To borrow, loosely, from the song sung by the lead character in the play “Annie,” the sun will come out today. At least that’s what was promised in all the forecasts issued Friday by reputable weather-watching organizations. If those forecasts prove to be true, Robeson County residents will greet the bright object shining in the daytime sky — something they’ve seen too little of in the past weeks — with something akin to hysterical joy.
Sadly, that joy will be tempered by the sight of standing water on ground too sodden to absorb any more rain and by the knowledge that water is overflowing the banks of the Lumber River. The joy of sunshine will clash with concern over how far floodwaters will reach beyond the river as the rain that has fallen across North Carolina almost daily during two weeks of wet, chill weather flows south and east toward the coast, much of it passing through Robeson County.
The threat of flooding is something anyone who has lived in Robeson County for any significant length of time has learned to live with. As for the two weeks of wet, chill weather: Welcome to a typical Southeast North Carolina winter.
On the plus side, at least the lights didn’t go off and we could seek refuge from the rain and cold in warm homes. The same can’t be said for millions of Texas residents who fell victims to a rare and vicious winter storm that crippled large sections of the state’s power grid.
Texas has been forced to face a reality overlooked and often suppressed by green energy revolution warriors: Sometimes the sun doesn’t shine and the wind doesn’t blow. In Texas gas pipelines and power generating stations weren’t winterized properly, solar farms couldn’t generate power because the sky was overcast, and wind turbines were frozen and made useless.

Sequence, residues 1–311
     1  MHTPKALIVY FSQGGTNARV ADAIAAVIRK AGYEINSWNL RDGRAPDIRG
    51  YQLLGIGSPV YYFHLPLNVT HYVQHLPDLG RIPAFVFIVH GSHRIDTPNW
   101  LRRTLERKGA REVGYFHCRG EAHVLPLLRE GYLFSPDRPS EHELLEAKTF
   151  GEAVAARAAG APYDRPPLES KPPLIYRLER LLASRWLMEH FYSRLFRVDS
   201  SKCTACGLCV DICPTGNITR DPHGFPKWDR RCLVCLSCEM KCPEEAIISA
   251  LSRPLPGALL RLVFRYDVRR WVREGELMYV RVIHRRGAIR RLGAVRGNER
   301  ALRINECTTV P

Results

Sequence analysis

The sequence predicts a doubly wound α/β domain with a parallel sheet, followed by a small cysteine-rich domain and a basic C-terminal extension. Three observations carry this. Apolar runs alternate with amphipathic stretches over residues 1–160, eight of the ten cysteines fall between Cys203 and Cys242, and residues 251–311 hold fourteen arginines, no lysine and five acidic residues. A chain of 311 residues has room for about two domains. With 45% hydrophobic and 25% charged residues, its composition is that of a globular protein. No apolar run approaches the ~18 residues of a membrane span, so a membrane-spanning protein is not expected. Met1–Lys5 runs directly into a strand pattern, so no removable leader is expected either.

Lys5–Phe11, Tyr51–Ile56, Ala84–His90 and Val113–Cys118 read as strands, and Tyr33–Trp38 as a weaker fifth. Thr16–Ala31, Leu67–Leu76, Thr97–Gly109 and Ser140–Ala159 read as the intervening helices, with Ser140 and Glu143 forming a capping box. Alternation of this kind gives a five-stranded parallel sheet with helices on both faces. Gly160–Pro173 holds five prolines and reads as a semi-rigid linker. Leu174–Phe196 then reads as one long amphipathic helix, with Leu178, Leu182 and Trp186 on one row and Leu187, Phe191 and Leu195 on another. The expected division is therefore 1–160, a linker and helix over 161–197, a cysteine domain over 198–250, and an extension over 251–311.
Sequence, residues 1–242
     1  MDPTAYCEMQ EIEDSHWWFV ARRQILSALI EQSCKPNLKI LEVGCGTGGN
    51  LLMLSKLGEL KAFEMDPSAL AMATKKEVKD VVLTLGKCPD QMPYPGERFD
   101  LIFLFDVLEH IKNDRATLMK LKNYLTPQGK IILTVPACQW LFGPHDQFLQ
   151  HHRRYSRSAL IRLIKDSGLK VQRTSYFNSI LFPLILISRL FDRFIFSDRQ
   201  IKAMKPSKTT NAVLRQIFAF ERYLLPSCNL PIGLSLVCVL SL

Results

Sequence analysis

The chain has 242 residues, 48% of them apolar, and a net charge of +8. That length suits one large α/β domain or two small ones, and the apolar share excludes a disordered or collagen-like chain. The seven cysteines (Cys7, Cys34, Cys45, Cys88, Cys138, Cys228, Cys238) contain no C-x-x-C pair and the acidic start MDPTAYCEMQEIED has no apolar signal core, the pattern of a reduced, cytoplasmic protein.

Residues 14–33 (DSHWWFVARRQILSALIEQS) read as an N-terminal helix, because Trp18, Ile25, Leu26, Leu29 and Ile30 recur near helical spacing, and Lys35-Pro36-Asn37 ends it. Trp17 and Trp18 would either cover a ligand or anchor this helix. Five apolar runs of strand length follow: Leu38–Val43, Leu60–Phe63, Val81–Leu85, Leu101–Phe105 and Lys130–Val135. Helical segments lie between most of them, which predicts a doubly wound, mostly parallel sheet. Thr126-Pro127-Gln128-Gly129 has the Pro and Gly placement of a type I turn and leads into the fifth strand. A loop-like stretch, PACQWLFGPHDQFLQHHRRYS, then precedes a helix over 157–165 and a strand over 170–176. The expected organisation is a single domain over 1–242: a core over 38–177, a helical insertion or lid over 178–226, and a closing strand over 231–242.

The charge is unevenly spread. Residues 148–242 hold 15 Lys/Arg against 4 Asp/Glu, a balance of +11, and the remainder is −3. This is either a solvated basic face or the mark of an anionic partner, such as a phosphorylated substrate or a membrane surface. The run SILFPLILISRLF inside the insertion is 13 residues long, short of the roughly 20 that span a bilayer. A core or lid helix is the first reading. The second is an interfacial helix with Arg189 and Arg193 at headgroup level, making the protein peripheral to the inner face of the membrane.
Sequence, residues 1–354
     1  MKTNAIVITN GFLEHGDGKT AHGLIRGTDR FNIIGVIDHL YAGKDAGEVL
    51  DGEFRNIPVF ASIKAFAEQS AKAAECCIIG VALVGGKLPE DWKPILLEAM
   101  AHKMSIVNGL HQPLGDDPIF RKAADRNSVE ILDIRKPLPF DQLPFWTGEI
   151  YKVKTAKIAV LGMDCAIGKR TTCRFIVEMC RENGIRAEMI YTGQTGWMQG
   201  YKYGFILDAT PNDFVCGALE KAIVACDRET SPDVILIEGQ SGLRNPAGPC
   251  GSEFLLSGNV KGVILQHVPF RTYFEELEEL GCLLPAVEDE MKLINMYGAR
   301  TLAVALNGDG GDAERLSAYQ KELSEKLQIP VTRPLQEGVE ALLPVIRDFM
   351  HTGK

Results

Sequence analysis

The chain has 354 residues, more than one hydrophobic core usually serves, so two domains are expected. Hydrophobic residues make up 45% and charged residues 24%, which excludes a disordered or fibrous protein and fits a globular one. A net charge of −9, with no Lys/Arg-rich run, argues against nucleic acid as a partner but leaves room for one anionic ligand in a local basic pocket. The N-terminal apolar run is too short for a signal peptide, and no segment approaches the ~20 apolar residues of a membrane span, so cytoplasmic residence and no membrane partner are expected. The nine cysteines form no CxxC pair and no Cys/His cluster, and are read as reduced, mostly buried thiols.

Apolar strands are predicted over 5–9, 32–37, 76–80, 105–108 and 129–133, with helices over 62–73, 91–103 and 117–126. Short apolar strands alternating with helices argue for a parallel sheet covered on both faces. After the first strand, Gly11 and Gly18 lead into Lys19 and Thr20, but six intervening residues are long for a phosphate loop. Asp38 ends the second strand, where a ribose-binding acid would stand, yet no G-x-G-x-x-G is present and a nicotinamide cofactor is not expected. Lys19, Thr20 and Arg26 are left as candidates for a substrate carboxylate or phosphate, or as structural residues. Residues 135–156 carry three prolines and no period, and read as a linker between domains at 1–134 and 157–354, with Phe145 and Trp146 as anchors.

The lesson the rest of us should take from the misery inflicted on the people of Texas is that energy evolution is better than energy revolution. To the Lone Star State’s credit, Texas was practicing energy evolution. The state’s power grid draws from a mix of renewable and fossil fuel energy sources. It’s just that Texas is a big state with a lot of residents and even if a relatively small segment of that grid fails, as it was in this case, a lot of people suffer.
Lumberton City Council recently provided an example of resisting the green revolution, even if its members didn’t realize it at the time. In January, Council rejected a plan to build a 30-acre solar farm on land off Lovette Road south of Lumberton. The council members cited concerns about flooding. They also voted to honor the wishes of people who objected to the solar farm.
Regardless of the motivation, the brakes were pumped on a green energy drive, and that drive must be slowed here and across the nation. Efforts to meet the power needs of this state, and nation, must be fueled by an all-of-the-above mentality. Energy grids should be built using multiple power sources and must be constructed in such a way that if one source fails the other sources can pick up the slack.
As it is, whether or not green warriors want to admit it, most renewable energy sources are not advanced enough to be the primary source of the power we need at a cost we can afford. Someday they will.
In the meantime, going green too quickly can leave us all cold and in the dark.